Great Summer Reads Day 14 – King’s Envoy, Book1 First Artesans Trilogy

Cas lives in the lovely county of Hampshire, southern UK, where she was born. On leaving school she trained for two years before qualifying as horse-riding instructor. During this time she also learned to carriage-drive. She spent thirteen years in the British Civil Service before moving to Rome, Italy, where she and her husband, Dave, lived for three years. They enjoy returning whenever they can. Cas supports many animal charities and owns two rescue dogs. She has a large collection of cacti and loves gardening. She is also a folk singer/songwriter and is currently writing and recording nine folk-style songs to accompany each of her fantasy books. You can listen to and download all the songs from her website: 
See the video of her performing live at the King’s Envoy book launch here:

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Taran Elijah’s quest for knowledge
uncovers a plot that threatens the world…
In Albia, the fourth realm, the precious Artesan gift is dying. Although born to the craft, Taran is struggling to achieve his potential. Against his friends’ advice, he embarks on a foolhardy plan to acquire the teaching he craves. Alone, he crosses into Andaryon, the fifth realm, but instead of finding a mentor, he stumbles upon a treacherous plot.
In the wake of Taran’s actions, Albia suffers a series of vicious raids. Major Sullyan of the High King’s forces is sent to oppose them. But a dark and treacherous force is moving through the realms and both Taran and Sullyan will feel its power.


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Taran’s metasenses pricked him
and he instantly woke, leaping to his feet and snatching his sword. He stopped
short, biting back a curse, as he registered the confident stance of the young
man standing before him. And he had every reason to be confident, Taran
realized, with armed hunters at his back. His failure to sense them sooner made
Taran scowl. Apprehensively, he waited for the man to speak.
“You’re trespassing, Albian.”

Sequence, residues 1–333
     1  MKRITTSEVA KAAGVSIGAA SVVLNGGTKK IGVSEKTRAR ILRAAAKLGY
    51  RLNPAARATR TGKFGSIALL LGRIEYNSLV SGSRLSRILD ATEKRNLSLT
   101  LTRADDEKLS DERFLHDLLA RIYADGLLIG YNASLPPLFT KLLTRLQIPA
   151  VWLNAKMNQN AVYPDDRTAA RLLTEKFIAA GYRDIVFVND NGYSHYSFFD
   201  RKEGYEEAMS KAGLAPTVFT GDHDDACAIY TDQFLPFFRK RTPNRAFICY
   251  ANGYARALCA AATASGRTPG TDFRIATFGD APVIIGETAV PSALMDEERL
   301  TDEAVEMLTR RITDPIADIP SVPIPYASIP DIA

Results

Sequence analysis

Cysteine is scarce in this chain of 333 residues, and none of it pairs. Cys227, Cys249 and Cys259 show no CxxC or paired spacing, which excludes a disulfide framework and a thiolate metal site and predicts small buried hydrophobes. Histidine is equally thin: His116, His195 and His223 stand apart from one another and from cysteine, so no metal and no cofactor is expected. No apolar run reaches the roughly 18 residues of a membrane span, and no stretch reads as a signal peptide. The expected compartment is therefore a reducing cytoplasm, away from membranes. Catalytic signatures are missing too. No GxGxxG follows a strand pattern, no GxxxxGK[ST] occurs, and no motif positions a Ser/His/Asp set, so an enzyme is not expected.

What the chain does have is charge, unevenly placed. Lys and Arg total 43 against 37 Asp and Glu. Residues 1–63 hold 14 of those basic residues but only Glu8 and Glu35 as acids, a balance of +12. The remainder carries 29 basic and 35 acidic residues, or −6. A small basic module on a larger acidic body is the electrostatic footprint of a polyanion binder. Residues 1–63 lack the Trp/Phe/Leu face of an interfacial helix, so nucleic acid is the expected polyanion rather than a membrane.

The man’s arrogant manner and
rich clothing confirmed Taran’s immediate suspicions—he was an Andaryan noble.
Taran’s sleep-muddled mind struggled to frame a reply but he wasn’t given the
“The penalty for trespass is
Taran stared, knowing he was
trapped. The huntsmen stood with bows unnocked but he knew how swiftly they
could draw and shoot should he make a threatening move. And though the ugly
giant birds they had were hooded and leashed, they could be loosed in an
instant if he tried to run. His only chance lay in the bargain he hoped to
He opened his mouth to answer
but was again interrupted.
“However, I came out this day
for sport. What do you say to a duel, Albian, to determine your fate? If you
win, you’re free to leave. If you lose, you submit to my will.”
The noble’s pale, slit-pupiled
eyes were avid and he fingered the hilt of his sword as he spoke. The motion
drew Taran’s gaze. Events were moving a little fast for him despite this
seemingly favorable turn. He had not expected things to work out like
this—according to his father’s notes, he should be the one making the
challenge—but in the end, did it matter? And what choice did he have? The noble
had him at a severe disadvantage and would be within his rights should he
decide to kill Taran out of hand. Even if he wasn’t, there was nothing Taran
could do about it. No one would protect him if he could not protect himself.
He gathered his courage and
faced the noble. He looked a little younger than Taran’s twenty-eight years but
Taran had faith in his own skills. He was taller than the noble and he was
agile and fit, there was no reason to believe he would not win. And the noble
was an Artesan, Taran could sense it. He didn’t know what rank but that wasn’t
immediately important. His father’s notes indicated that Taran only had to
force a draw to win the right to the noble’s aid. If he turned out to be
incapable of teaching Taran himself, his duty would require him to find someone
who could.


“I accept,” he said, trying to
keep the nervousness from his voice. The younger man grinned and Taran frowned.
Those slit-pupiled eyes, unique to the Andaryan race, made his facial
expressions unfamiliar. Taran would have to be very careful when reading his
moves in the duel.


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